Wednesday, October 19th, 2011 09:23 pm
The project I was working on -- and mostly finished -- for Steamcon last weekend. I'm really quite proud of it. :)

So far the response has been very positive. I'm curious to see how far this one gets shared...
Thursday, October 20th, 2011 04:47 am (UTC)
Love it. That is just superb, from idea, through implementation, to use.
Thursday, October 20th, 2011 04:54 am (UTC)
It seems to have a limited range -- about a fifth? I wonder what you could do to increase that.

Super neat idea. Well done.
Thursday, October 20th, 2011 04:59 am (UTC)
I was wondering about that. I need to try it with a tall, thin champagne flute maybe. The pipe isn't adjusted to be as close to the bottom of the glass as possible (since I broke a few and they're just random selections from goodwill), so I could get a bit more on the high end. A thin flute would also help there, since an unexpected problem with the water being centrifugally thrown outwards as the glass spun, lowering the level where the pipe inlet it.

The really big problem I see is that it can't change tones faster. I need to replace the pipe with 1/4", though I'm not looking forward to how that looks. Also maybe add a secondary lever for operating the pump cylinder, to give you more force. I just couldn't figure out a way to make that collapsing and portable in time.
Thursday, October 20th, 2011 05:57 pm (UTC)
The other idea is to use multiple glasses. You wouldn't need multiple turntables, I don't think -- you could just belt-drive a second glass off of the first one, it's not like you don't have torque to spare. With a second glass, you could probably jump the range to over an octave, which is enough for most melodies. Or you could do a simpler melody over a drone note.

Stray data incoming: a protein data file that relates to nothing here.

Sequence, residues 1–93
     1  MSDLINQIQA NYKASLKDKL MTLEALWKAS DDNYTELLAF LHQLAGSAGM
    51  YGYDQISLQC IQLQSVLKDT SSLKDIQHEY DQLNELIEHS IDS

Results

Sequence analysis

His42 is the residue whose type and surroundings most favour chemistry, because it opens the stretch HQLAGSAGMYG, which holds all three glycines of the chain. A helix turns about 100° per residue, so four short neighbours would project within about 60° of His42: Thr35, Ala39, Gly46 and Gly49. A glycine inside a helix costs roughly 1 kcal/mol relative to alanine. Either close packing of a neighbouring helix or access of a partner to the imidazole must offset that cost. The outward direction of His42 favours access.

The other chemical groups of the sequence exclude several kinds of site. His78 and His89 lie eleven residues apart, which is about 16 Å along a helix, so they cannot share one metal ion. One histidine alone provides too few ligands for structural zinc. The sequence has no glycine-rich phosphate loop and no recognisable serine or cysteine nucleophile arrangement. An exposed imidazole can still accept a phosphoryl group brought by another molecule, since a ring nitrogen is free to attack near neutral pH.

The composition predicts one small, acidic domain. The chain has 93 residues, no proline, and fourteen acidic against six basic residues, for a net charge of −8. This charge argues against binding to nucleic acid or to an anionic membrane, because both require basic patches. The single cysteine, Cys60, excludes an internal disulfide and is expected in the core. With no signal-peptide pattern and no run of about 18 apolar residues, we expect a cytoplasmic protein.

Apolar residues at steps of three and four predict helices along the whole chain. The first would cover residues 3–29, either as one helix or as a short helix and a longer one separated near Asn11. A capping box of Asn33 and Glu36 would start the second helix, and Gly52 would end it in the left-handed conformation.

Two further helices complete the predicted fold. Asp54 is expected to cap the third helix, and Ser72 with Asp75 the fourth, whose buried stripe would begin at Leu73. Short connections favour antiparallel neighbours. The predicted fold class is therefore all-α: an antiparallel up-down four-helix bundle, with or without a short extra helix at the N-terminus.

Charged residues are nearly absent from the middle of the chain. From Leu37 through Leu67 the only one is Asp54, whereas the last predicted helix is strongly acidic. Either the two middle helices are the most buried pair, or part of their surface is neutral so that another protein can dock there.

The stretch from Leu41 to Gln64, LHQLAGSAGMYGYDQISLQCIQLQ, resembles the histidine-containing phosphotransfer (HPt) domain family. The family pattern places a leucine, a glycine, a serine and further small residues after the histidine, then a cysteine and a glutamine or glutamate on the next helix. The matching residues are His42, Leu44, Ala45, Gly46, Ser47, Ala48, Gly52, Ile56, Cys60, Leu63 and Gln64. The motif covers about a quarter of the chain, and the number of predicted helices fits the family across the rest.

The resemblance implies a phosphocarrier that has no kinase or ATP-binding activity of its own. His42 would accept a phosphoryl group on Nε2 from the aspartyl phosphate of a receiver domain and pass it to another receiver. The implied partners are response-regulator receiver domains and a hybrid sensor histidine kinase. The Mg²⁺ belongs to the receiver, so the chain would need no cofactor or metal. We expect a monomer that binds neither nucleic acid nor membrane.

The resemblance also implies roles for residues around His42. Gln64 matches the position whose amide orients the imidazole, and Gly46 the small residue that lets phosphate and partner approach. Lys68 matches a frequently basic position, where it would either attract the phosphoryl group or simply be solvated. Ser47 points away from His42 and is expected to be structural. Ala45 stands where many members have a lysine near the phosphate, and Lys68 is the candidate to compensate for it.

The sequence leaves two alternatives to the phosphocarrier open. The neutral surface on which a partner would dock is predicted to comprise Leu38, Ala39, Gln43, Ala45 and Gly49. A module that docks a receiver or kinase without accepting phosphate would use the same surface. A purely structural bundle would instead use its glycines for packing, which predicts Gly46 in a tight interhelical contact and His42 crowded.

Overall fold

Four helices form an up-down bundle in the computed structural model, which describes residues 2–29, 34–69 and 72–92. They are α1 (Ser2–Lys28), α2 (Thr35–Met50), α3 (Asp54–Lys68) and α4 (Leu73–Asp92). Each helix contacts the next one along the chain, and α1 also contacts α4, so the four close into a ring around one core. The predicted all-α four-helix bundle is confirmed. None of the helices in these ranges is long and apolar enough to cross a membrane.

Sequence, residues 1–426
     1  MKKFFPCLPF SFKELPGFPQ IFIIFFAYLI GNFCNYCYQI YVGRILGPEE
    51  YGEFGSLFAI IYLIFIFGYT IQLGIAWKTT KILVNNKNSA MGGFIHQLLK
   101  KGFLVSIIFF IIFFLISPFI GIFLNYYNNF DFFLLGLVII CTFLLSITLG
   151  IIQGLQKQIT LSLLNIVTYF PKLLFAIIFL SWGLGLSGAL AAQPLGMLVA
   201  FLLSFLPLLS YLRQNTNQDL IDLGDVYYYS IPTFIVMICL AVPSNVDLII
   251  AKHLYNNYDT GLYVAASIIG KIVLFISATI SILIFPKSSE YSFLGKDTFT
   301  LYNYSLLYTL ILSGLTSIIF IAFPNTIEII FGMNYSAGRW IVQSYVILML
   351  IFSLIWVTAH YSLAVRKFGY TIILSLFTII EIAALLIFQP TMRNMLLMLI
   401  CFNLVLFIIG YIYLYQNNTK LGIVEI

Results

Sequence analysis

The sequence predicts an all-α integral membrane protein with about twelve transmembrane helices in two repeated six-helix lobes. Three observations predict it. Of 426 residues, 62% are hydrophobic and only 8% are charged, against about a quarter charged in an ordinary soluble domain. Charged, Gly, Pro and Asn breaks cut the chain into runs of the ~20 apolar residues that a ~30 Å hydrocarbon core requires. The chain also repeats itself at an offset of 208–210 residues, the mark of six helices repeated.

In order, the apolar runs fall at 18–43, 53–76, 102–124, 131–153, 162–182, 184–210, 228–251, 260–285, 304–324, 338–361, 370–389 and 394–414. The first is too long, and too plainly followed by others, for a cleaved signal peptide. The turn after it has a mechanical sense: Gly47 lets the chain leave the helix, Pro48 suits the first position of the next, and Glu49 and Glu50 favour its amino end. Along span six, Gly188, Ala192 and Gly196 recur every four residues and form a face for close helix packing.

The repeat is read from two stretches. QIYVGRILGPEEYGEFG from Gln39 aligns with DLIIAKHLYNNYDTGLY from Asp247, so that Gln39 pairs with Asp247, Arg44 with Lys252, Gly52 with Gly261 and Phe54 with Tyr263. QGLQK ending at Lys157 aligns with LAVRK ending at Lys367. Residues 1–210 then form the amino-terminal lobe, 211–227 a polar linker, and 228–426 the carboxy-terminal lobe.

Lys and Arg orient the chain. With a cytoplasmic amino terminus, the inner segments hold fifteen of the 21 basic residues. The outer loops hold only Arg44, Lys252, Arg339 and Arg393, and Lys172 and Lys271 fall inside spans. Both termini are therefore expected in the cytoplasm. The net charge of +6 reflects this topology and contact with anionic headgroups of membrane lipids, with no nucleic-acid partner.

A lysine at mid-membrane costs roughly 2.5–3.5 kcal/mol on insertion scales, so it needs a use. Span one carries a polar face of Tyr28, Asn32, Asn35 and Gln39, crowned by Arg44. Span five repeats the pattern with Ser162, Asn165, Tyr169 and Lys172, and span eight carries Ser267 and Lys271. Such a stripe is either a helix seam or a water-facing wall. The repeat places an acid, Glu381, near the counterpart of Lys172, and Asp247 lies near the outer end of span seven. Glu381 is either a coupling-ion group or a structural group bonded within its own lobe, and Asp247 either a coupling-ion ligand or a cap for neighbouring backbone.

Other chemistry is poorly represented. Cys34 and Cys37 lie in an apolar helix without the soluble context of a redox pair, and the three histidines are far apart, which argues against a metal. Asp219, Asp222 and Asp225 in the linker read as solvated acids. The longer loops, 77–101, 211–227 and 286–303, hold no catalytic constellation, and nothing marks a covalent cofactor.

Friday, October 21st, 2011 06:48 am (UTC)
As I listened to it, I couldn't help picturing the hydrocrystallophone equivalent of a gamelan orchestra. 30 or 40 folks all with their own particular glasses... some doing melodies, but most acting percussively.
Friday, October 21st, 2011 06:48 am (UTC)
Dronily, would I suppose be the right analogy. Cause, you know, percussion on moving wine glasses doesn't seem like the best plan ever.
Sunday, November 17th, 2013 09:25 am (UTC)
Use mercury instead of water...
Thursday, October 20th, 2011 04:59 am (UTC)
Oh, and thanks. :)
Thursday, October 20th, 2011 05:17 am (UTC)
Thursday, October 20th, 2011 09:57 am (UTC)
I now kinda want something with multiple glasses and tiny metal arms that come down to play by pinging off the glass when keyed, rather than rim-rubbing...
Thursday, October 20th, 2011 04:07 pm (UTC)
I was thinking this too, though if the glass/pipe combination can be altered sufficiently perhaps multiple glasses wouldn't be necessary unless you wanted to play chords?
Thursday, October 20th, 2011 04:27 pm (UTC)
I had the impression that even with some adjustment, the pipe structure wouldn't work well for very fast note changes, so it would be useful to have, say, three individual glasses. Which gives you the option of chords and also means you can ting one while adjusting another.
Thursday, October 20th, 2011 12:52 pm (UTC)
Benjamin Franklin would be proud. A tunable harmonica!
Thursday, October 20th, 2011 01:55 pm (UTC)
I'm sorry I missed seeing this live at SteamCon. It looks awesome!
Thursday, October 20th, 2011 03:57 pm (UTC)
Wow. That's brilliant. Nicely done!
Thursday, October 20th, 2011 03:57 pm (UTC)
This is marvelous - thx for sharing! I do like the ideas in comments above 'bout working on increasing range, too.
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Friday, October 21st, 2011 01:39 am (UTC)
Sounds good!
Thursday, October 20th, 2011 06:59 pm (UTC)
I won't be impressed until I see you play the Star Trek theme song on it.

Ok, not true. I'm fairly impressed right now. But I still want the Trek theme.
Thursday, October 20th, 2011 08:15 pm (UTC)
Nice! Reminds me of a glass armonica!
Monday, October 24th, 2011 07:05 pm (UTC)